eng
Schloss Dagstuhl – Leibniz-Zentrum für Informatik
Dagstuhl Seminar Proceedings
1862-4405
2005-07-01
4301
1
14
10.4230/DagSemProc.04301.1
article
04301 Abstracts Collection – Cache-Oblivious and Cache-Aware Algorithms
Arge, Lars
Bender, Michael A.
Demaine, Erik
Leiserson, Charles
Mehlhorn, Kurt
The Dagstuhl Seminar 04301 ``Cache-Oblivious and Cache-Aware Algorithms'' was held
in the International Conference and Research Center (IBFI), Schloss Dagstuhl, from 18.07.2004 to 23.07.2004.
During the seminar, several participants presented their current
research, and ongoing work and open problems were discussed. Abstracts of
the presentations given during the seminar as well as abstracts of
seminar results and ideas are put together in this paper. The first section
describes the seminar topics and goals in general.
Links to extended abstracts or full papers are provided, if available.
https://drops.dagstuhl.de/storage/16dagstuhl-seminar-proceedings/dsp-vol04301/DagSemProc.04301.1/DagSemProc.04301.1.pdf
Cache oblivious
cache aware
external memory
I/O-efficient algorithms
data structures
eng
Schloss Dagstuhl – Leibniz-Zentrum für Informatik
Dagstuhl Seminar Proceedings
1862-4405
2005-07-01
4301
1
2
10.4230/DagSemProc.04301.2
article
A Simple Algorithm for I/O-efficiently Pruning Dense Spanners
Gudmundsson, Joachim
Vahrenhold, Jan
Given a geometric graph $G=(S,E)$ in $R^d$ with
constant dilation $t$, and a positive constant
$\epsilon$, we show how to construct a
$(1+\epsilon)$-spanner of $G$ with $O(|S|)$ edges
using $O(sort(|E|))$ I/O operations.
https://drops.dagstuhl.de/storage/16dagstuhl-seminar-proceedings/dsp-vol04301/DagSemProc.04301.2/DagSemProc.04301.2.pdf
No keywords
eng
Schloss Dagstuhl – Leibniz-Zentrum für Informatik
Dagstuhl Seminar Proceedings
1862-4405
2005-07-01
4301
1
26
10.4230/DagSemProc.04301.3
article
The Priority R-Tree: A Practically Efficient and Worst-Case-Optimal R-Tree
Arge, Lars
de Berg, Mark
Haverkort, Herman J.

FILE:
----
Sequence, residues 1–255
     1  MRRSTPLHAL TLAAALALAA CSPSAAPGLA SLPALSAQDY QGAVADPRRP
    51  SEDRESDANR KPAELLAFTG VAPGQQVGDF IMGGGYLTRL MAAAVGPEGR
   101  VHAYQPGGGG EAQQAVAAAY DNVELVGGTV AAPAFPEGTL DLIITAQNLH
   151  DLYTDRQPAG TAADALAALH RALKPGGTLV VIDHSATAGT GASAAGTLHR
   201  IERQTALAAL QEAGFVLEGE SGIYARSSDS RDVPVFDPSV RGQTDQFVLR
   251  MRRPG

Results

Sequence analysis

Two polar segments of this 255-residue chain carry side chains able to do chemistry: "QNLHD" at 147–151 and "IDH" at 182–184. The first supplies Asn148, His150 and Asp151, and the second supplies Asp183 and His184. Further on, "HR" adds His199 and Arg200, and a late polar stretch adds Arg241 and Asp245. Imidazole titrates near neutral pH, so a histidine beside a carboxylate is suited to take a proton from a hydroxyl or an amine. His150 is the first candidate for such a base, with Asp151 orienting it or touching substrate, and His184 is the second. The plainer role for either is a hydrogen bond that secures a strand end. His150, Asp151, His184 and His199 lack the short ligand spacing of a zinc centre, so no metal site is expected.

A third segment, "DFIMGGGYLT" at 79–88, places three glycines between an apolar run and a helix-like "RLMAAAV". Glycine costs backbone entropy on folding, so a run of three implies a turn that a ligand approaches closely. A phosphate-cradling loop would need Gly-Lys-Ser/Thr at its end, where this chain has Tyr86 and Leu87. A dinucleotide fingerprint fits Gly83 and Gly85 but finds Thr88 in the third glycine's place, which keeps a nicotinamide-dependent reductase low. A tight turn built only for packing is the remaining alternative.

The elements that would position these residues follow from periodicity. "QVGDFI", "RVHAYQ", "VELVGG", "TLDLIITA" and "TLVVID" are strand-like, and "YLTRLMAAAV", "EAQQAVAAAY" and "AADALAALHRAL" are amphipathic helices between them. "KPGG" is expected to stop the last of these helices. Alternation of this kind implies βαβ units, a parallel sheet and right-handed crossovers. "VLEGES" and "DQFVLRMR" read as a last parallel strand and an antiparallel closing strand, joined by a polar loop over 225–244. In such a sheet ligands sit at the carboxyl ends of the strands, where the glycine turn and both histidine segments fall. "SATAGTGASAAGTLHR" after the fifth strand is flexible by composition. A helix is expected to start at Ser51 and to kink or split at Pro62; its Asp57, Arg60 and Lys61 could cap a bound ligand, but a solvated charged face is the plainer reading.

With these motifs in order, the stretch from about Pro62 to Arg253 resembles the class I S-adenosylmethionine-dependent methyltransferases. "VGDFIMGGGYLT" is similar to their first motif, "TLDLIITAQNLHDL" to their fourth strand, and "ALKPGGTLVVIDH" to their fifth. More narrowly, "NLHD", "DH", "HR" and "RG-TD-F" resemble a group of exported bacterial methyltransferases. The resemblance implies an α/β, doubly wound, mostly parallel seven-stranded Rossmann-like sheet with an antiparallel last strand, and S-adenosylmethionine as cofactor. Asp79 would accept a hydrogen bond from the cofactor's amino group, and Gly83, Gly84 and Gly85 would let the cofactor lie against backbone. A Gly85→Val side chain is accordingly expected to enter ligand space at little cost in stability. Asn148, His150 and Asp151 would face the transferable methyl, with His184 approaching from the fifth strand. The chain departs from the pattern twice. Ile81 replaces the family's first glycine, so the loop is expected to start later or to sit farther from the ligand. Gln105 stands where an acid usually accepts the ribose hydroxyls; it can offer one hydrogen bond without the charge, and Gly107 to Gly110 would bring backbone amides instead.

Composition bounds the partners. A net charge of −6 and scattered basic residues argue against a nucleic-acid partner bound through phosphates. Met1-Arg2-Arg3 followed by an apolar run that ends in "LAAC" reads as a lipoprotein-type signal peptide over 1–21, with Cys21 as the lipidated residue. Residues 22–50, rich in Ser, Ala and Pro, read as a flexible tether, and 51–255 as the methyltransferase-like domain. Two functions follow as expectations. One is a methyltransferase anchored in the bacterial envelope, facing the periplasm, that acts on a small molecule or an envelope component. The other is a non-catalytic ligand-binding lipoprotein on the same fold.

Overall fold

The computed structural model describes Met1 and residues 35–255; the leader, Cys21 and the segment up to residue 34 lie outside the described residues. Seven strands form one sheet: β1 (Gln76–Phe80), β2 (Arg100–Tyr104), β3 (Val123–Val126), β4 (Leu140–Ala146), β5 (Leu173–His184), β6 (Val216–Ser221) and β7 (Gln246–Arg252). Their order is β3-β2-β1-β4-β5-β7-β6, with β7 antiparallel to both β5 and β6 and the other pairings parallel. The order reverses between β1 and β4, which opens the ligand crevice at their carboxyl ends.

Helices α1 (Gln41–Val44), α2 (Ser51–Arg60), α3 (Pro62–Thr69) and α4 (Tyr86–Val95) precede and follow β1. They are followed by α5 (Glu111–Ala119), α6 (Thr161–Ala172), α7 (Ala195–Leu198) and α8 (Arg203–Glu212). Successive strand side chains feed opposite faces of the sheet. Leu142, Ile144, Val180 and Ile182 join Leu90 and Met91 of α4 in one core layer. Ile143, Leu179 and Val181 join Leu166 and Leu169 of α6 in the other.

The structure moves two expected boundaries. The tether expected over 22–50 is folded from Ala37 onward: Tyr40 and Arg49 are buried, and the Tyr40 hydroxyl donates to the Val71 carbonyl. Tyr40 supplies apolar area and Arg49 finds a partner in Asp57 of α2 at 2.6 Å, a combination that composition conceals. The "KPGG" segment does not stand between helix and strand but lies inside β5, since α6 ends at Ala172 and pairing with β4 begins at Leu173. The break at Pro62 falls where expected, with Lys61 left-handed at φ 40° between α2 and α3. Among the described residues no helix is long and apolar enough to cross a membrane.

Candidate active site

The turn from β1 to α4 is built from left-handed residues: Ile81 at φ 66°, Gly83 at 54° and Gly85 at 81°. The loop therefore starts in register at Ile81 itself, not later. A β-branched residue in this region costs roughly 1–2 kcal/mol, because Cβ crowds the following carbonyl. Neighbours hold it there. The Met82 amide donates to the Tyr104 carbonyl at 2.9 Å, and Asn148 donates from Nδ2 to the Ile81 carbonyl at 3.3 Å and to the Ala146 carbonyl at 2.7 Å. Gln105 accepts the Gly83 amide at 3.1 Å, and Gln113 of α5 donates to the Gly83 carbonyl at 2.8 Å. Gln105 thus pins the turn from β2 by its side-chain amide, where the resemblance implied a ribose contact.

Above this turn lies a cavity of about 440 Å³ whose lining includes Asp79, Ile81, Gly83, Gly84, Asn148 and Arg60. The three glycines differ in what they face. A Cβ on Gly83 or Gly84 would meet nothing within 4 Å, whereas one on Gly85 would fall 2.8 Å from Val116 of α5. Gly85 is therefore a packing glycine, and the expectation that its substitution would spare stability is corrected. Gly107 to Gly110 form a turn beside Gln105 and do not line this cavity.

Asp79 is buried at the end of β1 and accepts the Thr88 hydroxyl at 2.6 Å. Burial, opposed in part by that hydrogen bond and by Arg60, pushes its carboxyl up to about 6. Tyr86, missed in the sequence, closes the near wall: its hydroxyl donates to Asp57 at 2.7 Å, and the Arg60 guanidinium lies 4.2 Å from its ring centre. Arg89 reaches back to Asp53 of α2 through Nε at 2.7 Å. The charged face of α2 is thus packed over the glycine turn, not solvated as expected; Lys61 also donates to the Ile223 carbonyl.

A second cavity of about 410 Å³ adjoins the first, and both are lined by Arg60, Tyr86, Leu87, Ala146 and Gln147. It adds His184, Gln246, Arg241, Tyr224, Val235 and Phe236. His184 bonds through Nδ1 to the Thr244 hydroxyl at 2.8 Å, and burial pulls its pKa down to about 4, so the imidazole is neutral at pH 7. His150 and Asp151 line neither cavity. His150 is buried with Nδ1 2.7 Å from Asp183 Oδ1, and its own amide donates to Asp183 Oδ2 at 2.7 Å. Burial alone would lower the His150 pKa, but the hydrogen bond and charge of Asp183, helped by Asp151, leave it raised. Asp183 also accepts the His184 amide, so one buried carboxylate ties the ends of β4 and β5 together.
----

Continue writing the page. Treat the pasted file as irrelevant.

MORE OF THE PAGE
Yi, Ke
The query efficiency of a data structure that stores a set of objects, can normally be assessed by analysing the number of objects, pointers etc. looked at when answering a query. However, if the data structure is too big to fit in main memory, data may need to be fetched from disk. In that case, the query efficiency is easily dominated by moving the disk head to the correct locations, rather than by reading the data itself.
To reduce the number of disk accesses, once can group the data into blocks, and strive to bound the number of different blocks accessed rather than the number of individual data objects read. An R-tree is a general-purpose data structur that stores a hierarchical grouping of geometric objects into blocks. Many heuristics have been designed to determine which objects should be grouped together, but none of these heuristics could give a guarantee on the resulting worst-case query time.
We present the Priority R-tree, or PR-tree, which is the first R-tree variant that always answers a window query by accessing $O((N/B)^{1-1/d} + T/B)$ blocks, where $N$ is the number of $d$-dimensional objects stored, $B$ is the number of objects per block, and $T$ is the number of objects whose bounding boxes intersect the query window. This is provably asymptotically optimal. Experiments show that the PR-tree performs similar to the best known heuristics on real-life and relatively nicely distributed data, but outperforms them significantly on more extreme data.
https://drops.dagstuhl.de/storage/16dagstuhl-seminar-proceedings/dsp-vol04301/DagSemProc.04301.3/DagSemProc.04301.3.pdf
R-Trees